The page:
In the short to medium term global distribution networks are likely to suffer from higher fuel costs and supply bottlenecks.  Recession in developed economies and increasing demand in South East Asian economies for fish is likely to mean less fish becoming available on the international market, (fish is the most traded food commodity with c.70% sold on the world market).  The cost of transportation may come down from the artificial highs of the post-pandemic period but, until the green revolution takes place for air and sea transport, fuel costs are likely to remain high by historical standards.

There is therefore a premium on importing from countries that are closer to the UK at a time of increased linkage costs.  The difficulty here is obviously climate change and the northward movement of stocks.  For the present time this situation is working in the UK’s favour as most imported white fish – the exception is Alaskan pollack – come from Norway, Iceland and the Faroes.  In the long run, however, there is no guarantee that this situation will continue to work in the UK’s favour.

To summarise, there is an absence of integrated policy that takes into account the exposed nature of the supply of UK fish.  It is exposed to fuel price movements that affect both production and linkage sectors.  Consumers tend to have traditional tastes and the market is relatively static whilst profound changes are taking place in terms of the availability of sustainable domestic supply and climate change.  Although there is growing awareness of the problems facing fishermen, little is being done by Government to help prepare the industry, and consumers, for the future. 






[1] https://www.seafish.org/document/?ufprt=28DF43622172CBEC391E507FE14131CDC4A795E26C76E4E2E6A53C8A3D178FDEDD9FF6F826EA2455ABC0BF2E2A2FDAB864B09844BCC6E02CB2F4E9BD8220D5843D2406DBA2CC07B33116A394CC24E054587FDD01952C75FCBB145724A82BF168524D958DFA46E3F1F9BC27DA7BE829E361FF59153F644BD0F57AC80F8614BDC6883A22A78DB922967C1BBBF2C51E933FDF97E5D2655229AFEDF7E01D3E85EACBF280DABD37327CC82261B1F7248866BE3D0208809AE56E660D5F3C22F6A8B6B2F29895211C76D95CA9B1D5DB30E12821485BE929D28A9E6E883AEDBCADEF88CE0A1903973019743BE8547977848F9B2FAA1EDE7F91A1FE6F40B421B79BDD82FFAFACA19D7FAF6DC653042ECBCED150ED7D79BEDBDCC4C0C7E97DAE2DAA0C25819962EFDFBB2DA3B243383E7AAFEA57605D864DB0594AC4AC04E96CF9BF4AD416#:~:text=Total%20turnover%20of%20the%20UK,and%20prices%20fell%20in%202020.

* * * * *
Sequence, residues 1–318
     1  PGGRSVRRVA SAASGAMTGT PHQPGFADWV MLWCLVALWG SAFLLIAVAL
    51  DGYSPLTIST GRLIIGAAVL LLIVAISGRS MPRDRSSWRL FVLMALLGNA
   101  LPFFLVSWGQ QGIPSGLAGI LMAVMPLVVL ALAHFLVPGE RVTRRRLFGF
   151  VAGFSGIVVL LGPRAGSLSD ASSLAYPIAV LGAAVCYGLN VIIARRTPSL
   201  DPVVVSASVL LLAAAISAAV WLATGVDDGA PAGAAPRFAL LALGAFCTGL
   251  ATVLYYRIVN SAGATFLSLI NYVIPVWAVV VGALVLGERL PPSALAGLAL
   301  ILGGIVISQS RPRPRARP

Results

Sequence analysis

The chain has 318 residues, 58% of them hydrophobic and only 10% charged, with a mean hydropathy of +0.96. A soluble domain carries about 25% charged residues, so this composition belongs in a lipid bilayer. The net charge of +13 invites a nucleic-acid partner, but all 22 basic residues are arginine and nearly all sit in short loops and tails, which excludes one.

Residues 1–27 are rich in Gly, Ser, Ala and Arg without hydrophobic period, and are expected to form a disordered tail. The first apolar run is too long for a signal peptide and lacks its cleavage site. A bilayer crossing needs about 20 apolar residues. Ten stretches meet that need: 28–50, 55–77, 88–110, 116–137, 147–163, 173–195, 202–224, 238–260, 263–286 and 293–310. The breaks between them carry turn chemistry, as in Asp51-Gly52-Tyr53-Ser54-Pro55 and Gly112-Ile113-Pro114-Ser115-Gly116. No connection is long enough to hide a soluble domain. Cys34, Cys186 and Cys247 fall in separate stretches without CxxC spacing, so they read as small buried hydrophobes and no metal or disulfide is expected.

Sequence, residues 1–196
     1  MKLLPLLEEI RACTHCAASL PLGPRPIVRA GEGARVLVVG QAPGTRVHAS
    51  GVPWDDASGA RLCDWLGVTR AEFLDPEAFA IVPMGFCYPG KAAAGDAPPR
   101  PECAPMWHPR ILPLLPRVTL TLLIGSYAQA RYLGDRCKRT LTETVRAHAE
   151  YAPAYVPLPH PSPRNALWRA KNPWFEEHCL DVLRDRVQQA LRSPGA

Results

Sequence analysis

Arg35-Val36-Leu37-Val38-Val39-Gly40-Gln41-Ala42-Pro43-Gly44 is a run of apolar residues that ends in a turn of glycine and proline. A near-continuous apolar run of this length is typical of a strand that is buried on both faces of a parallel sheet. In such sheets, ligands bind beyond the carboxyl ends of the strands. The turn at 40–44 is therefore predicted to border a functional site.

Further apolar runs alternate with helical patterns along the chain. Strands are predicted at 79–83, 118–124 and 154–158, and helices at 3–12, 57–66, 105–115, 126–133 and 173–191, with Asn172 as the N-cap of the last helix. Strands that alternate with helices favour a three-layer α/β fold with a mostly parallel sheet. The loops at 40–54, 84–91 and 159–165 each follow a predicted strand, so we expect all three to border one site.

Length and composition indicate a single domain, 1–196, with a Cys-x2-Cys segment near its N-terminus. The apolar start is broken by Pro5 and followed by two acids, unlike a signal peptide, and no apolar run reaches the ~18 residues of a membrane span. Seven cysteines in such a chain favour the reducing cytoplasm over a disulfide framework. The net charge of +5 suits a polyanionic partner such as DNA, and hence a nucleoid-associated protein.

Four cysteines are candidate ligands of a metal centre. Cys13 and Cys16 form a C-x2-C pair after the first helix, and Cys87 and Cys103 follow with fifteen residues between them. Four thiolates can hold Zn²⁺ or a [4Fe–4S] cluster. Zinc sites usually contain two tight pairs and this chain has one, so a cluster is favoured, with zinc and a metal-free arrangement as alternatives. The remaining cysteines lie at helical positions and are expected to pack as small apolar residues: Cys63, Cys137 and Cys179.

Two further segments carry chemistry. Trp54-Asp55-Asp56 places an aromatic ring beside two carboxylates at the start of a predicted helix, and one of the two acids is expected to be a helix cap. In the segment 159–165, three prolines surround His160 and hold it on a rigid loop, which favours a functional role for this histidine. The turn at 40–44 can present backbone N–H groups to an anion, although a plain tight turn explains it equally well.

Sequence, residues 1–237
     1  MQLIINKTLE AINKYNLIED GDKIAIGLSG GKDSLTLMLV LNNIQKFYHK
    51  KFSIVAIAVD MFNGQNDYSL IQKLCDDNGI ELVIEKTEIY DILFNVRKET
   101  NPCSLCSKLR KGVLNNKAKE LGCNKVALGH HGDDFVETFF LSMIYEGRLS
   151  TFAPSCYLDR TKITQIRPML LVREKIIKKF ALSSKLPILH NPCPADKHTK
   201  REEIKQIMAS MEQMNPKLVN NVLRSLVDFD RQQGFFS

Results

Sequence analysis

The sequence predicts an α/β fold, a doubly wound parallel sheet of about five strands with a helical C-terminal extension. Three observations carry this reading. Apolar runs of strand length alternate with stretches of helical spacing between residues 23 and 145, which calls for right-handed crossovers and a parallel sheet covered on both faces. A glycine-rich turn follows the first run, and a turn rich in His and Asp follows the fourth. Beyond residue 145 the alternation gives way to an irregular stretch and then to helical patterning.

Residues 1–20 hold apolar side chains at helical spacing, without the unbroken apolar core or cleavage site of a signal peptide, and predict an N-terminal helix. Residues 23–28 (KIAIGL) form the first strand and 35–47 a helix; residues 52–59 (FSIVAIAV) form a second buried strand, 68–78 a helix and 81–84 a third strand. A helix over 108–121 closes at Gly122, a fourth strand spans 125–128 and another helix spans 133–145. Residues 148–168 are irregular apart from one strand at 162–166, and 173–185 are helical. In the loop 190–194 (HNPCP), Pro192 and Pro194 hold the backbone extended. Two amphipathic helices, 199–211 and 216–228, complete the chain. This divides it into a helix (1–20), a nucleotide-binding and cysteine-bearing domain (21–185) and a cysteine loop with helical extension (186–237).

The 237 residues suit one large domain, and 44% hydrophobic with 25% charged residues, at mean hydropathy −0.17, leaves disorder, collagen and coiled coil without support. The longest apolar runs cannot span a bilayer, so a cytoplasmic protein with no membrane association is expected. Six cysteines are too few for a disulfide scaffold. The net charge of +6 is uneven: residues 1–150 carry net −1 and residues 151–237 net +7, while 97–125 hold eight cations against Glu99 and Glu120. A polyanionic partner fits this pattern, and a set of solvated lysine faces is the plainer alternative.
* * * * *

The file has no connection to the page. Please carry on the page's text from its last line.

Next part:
[2] Other fleet segments will have experienced different combinations of cost increases due to different gear types but the overall picture remains the same.

[3] https://www.eumofa.eu/documents/20178/509903/MH+7+2022+EN_Final.pdf/17bd0ad2-b21d-6675-4faa-258853b8b124?t=1660655372402

[4] We await publication of Seafish’s Economics of the UK Fishing Fleet 2021 and it will be September 2023 for the figures for 2022 but we know that the number of vessels is declining and elderly fishermen are taking early retirement.

[5] https://www.seafish.org/document/?id=7ce7cae2-9ae9-48ef-87b3-b833a5e0d04f

[6] https://www.iata.org/en/iata-repository/pressroom/fact-sheets/fact-sheet---fuel/

[7] https://www.gov.scot/publications/economic-impacts-scenarios-scottish-uk-seafood-industries-post-eu-exit/pages/13/


[9] The emphasis on tourism and recreational activities appears to be misplaced, all too often it leads to an increase in housing prices and a concentration of seasonal poorly paid work.

[10] The ability of aquaculture to fill these potential failings is questionable for the UK.  Although the UK has the benefit of a long coastline it is relatively densely populated and appropriate sites are in short supply and climate change is having an impact on sites’ suitability for various species.  The move to set up sites further offshore will involve higher costs and increase both environmental and distribution costs.